Carol Dean, Historical Research

1765-1778 (years of depiction for Carol’s character, Mary Pegram)
  • 1776 was known for Europe and N America as years of “abundance”
  • This related in clothing to an elaboration and intricacy
  • later, in embracing “enlightenment”, clothes became simpler
  • English and French fashion were very different; English simpler and more practical because lifestyles took them outdoors, and they had leisure time; French tended to focus on indoor pursuits and court life for fashion
  • Stiff stays reminded French courtesians to have good posture.
  • Lower classes had the same clothes as the upper, but fewer of them, and they were made of cheaper goods that were more durable.
  • All classes had handkerchiefs, and red, hooded, short cloaks were popular at all levels
  • 1775 saw a “breaking point” where all levels had revulsion against extravagance.
  • 1776 Americans had the highest per capita income in the world, and paid lower income taxes.  They wanted to keep it that way; a key reason to separate from England.
  • Improved communication and regular periodicals and political docs from England’s Parliament gave colonist leaders the observation “something was coming”.. that meant they need to “do something”.. let to the Declaration of Independence and immediate war after
  • The American Revolution was 7 (8) years from 1775-1800+:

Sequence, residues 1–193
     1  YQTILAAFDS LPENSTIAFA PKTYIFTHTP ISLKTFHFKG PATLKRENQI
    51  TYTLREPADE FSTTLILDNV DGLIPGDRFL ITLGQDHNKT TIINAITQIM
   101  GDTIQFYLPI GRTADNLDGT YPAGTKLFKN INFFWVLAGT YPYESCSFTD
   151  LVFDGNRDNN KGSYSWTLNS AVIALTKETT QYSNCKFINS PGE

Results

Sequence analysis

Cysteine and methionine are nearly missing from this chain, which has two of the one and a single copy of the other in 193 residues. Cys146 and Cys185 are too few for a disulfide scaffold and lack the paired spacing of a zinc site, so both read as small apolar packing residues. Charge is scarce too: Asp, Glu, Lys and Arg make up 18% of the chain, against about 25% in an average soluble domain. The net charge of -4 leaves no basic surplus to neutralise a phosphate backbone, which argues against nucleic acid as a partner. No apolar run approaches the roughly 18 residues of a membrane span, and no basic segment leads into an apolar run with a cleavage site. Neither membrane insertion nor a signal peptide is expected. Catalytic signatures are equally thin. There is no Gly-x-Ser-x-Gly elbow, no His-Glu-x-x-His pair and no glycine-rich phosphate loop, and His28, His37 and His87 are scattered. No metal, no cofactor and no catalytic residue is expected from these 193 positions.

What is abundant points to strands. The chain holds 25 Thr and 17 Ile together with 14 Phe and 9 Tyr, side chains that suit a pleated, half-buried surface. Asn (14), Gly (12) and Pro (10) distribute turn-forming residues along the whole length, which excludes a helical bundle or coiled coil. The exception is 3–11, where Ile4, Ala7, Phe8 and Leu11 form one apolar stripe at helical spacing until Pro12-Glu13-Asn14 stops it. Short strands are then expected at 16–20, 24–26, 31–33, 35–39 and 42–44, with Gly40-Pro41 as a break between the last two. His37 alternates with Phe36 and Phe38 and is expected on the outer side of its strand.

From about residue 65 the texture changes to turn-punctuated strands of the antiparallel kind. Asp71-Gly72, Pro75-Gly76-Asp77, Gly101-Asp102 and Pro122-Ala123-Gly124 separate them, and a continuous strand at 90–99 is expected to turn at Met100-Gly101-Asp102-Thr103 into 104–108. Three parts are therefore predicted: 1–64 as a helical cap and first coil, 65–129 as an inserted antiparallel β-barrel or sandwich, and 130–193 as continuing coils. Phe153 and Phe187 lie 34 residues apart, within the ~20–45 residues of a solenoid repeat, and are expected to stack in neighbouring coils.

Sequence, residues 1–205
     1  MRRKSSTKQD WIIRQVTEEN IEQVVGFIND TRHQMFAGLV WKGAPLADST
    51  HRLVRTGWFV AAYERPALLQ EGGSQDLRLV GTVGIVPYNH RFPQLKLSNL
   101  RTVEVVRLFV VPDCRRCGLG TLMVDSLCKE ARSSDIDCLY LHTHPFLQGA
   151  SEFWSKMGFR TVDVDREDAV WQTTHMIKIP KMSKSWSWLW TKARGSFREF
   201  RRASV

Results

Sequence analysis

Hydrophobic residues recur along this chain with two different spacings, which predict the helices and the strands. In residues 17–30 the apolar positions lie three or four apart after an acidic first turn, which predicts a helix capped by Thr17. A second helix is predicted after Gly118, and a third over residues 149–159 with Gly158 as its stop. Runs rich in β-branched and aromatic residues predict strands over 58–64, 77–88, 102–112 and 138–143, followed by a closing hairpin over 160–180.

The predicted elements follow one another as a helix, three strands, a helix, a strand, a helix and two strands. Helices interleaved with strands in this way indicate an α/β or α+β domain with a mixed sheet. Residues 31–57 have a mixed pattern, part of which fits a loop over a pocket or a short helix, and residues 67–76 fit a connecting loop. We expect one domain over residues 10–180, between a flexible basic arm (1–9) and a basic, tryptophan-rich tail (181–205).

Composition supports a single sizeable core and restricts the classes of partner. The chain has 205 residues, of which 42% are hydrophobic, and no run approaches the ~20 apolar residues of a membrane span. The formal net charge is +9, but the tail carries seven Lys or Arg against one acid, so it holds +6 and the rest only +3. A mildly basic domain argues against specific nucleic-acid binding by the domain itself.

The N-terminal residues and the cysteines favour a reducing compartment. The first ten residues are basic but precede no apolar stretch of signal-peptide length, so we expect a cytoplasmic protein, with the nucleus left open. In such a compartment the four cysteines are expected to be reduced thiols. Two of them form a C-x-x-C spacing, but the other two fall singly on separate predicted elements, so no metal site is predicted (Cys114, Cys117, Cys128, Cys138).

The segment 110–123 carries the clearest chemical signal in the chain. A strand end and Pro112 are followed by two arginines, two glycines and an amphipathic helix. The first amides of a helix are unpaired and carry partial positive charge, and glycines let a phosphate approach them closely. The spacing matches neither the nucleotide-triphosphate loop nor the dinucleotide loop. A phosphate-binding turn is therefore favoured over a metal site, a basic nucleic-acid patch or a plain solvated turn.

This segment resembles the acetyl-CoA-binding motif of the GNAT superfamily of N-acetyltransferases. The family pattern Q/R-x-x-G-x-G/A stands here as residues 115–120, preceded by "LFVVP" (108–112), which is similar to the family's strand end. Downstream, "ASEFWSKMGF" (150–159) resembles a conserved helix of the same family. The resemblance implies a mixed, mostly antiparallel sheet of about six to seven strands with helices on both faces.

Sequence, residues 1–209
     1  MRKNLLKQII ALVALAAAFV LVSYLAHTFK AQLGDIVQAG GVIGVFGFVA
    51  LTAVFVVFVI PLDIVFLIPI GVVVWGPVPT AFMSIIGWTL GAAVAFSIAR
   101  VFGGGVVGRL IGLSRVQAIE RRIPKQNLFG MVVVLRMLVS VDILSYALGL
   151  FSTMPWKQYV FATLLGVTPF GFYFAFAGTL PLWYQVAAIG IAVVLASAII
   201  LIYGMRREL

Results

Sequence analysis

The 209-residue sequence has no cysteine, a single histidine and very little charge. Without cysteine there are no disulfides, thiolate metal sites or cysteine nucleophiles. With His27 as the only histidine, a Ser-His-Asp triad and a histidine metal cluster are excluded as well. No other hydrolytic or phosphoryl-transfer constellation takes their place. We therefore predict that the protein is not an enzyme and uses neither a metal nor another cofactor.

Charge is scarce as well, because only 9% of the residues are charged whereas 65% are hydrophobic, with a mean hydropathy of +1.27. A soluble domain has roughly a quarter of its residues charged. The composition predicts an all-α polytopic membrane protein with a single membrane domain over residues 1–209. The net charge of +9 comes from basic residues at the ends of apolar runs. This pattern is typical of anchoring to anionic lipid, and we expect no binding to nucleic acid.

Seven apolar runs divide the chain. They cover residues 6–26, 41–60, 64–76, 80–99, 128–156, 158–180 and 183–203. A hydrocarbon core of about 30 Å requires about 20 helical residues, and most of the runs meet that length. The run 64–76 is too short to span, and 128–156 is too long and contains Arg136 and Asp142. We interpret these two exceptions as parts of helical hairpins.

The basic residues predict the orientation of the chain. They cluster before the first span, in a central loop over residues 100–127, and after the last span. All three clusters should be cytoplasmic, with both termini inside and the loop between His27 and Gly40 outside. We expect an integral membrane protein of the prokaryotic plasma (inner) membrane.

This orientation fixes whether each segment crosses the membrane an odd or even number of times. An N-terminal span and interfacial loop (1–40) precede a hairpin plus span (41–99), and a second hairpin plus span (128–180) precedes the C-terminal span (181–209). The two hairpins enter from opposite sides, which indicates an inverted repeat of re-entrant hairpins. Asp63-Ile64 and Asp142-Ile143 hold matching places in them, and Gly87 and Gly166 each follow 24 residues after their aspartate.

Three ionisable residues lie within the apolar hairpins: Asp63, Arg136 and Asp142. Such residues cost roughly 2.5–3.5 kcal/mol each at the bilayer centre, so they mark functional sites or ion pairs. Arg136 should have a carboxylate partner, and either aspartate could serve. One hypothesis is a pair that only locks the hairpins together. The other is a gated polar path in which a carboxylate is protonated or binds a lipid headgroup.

• 1777 fighting seriously going; ending year at Valley Forge
  • 1778 Feb French recognize US sovereignty.  French support is a turning point.
  • 1780 June things look bad
  • 1781 internal policy and hardship causes trouble inside Patriot ranks.  French come to help lots of key battles, and those like Yorktown turn the war to the Patriot side
  • 1782 Dutch recognize the new country.  Fighting more remote areas vs Indians (other countries inciting Indian participation)
  • Nov 10, 1782 British evacuate
  • April 11, 1782 official end with treaties and George Washington goes home.
  • It happened with a “new liberalism with humane thought” vs “old order”.  Patriot leaders knew the war was only a start, because it was a “spirit of independence” that would take forever to achieve.
  • There  was a national consciousness as they put a new government framework together
  • At the end of the war, people were exhausted and dismayed; thought it was wonderful and terrifying  The war had burned ,destructed business and commerce, debased currency, and wasted men and materials.
  • But the new country was strong because it was a civilization of small, self-sufficient units (farms, etc.)  Not so much changed during or after the war for rural America.
  • More was affected in the cities; especially affected Philadelphia, New York, Boston, and Charleston.  These had been the centers of “gay” life, with luxury and extravagances.  After the war, the wealthy and those of higher social status kind of hid away for fear of the new, bad lable of “aristocrat”.  The new country was to be designed for ALL persons withouth hierarchy.
  • During the war, extremes of rich or poor were marked, especially in the British occupied cities where they had balls, dinners, dances, and kept fashion first on the minds of women.
  • There became during and after the war a restraint in dress due to the lack of imported materials.  They were cut off during the war, and contact with other countries was almost non-existent.  Women in particular made due with locally made fabrics, linen, flax, wool, and spinning wheels and looms were in most homes.  Cotton was not available except by import until about 1810. By 1820, America was the #1 producer of cotton in the world.